Shadow Scale by Rachel Hartman
This is a sequel to Seraphina, and follows a couple of months after the end of the previous book. It was more complex and offered more details about the world in which our main character lives. Not just to her native Goredd, but also the neighboring countries… Their religion, politics and social structures. Even the inner workings of the Tanamoot, or dragon society, that seems to be crumbling in itself.
In that regard, it was a wonderful book. I felt it constructed a whole universe where these characters dwell and where interacting with dragons and Ityasaari (half.-dragons, half-humans) is entirely possible. So many things were explained, from the actions and reactions of people to their believes and motivations.We got to know Abdo‘s family, and his gods, Chance and Necessity. Of all the religions I’ve ever read about, this is one that makes the much sense to me. This world, in all its complexity, completely bowled me over. It was wonderful.
On the other had, though, there were many thing that Seraphina did or didn’t that I found frustratingly near-sighted, and while the ultimate fate of Jannoula felt right and appropriate, the actual end of the book felt way too sad.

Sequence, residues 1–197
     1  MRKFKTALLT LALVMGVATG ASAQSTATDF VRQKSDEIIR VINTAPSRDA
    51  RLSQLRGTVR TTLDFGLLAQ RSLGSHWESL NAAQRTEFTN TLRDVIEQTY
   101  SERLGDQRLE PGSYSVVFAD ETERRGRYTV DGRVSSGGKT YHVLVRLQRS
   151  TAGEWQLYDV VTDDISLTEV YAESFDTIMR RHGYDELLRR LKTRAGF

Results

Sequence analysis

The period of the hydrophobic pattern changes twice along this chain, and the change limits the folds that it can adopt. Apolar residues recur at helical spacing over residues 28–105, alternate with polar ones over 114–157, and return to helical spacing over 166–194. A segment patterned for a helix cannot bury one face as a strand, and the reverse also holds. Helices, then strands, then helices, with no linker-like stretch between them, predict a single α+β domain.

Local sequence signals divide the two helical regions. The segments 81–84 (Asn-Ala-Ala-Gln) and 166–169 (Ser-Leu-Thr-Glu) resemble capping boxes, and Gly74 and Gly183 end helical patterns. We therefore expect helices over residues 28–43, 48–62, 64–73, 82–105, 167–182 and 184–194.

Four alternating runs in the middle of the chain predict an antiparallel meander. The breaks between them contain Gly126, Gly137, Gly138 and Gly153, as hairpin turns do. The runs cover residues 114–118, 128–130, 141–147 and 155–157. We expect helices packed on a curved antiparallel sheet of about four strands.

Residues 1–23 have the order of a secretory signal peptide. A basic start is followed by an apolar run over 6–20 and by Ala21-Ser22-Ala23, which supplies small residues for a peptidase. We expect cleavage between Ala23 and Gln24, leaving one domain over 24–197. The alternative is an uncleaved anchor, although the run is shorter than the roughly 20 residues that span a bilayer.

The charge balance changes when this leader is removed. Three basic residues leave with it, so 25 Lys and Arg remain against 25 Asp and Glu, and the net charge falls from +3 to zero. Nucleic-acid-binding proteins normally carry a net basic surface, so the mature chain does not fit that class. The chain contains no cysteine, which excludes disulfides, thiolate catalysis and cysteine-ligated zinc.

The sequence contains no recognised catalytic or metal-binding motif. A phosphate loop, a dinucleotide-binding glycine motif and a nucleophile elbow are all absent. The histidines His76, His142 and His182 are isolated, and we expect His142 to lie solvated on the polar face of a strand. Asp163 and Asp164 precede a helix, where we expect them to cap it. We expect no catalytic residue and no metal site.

Jannoula‘s goal was achieved at the end, she took everything of sentimental value away from Seraphina. She tainted her life goals and chased away her brethren, she killed her friend and took her beloved Uncle Orma from her.
And even when, thanks to her need to fight Jannoula back, she managed to unleash her powers and come to a better and deeper understanding of the world, she never gets to keep the love of her life. Prince Lucian Kiggs ends up marrying Queen Glisselda, even when even the Queen herself seems to be in-love with Seraphina. How messed up is that?!
I think it was all just too sad.
And even worst, she didn’t seem all that heartbroken about it! That is what I found the most perplexing. I can understand about duty and putting the needs of the nation before her own heart’s desires, but she ends up all alone and… I don’t know. It just felt depressing.
Still, it was a great book… magnificently written.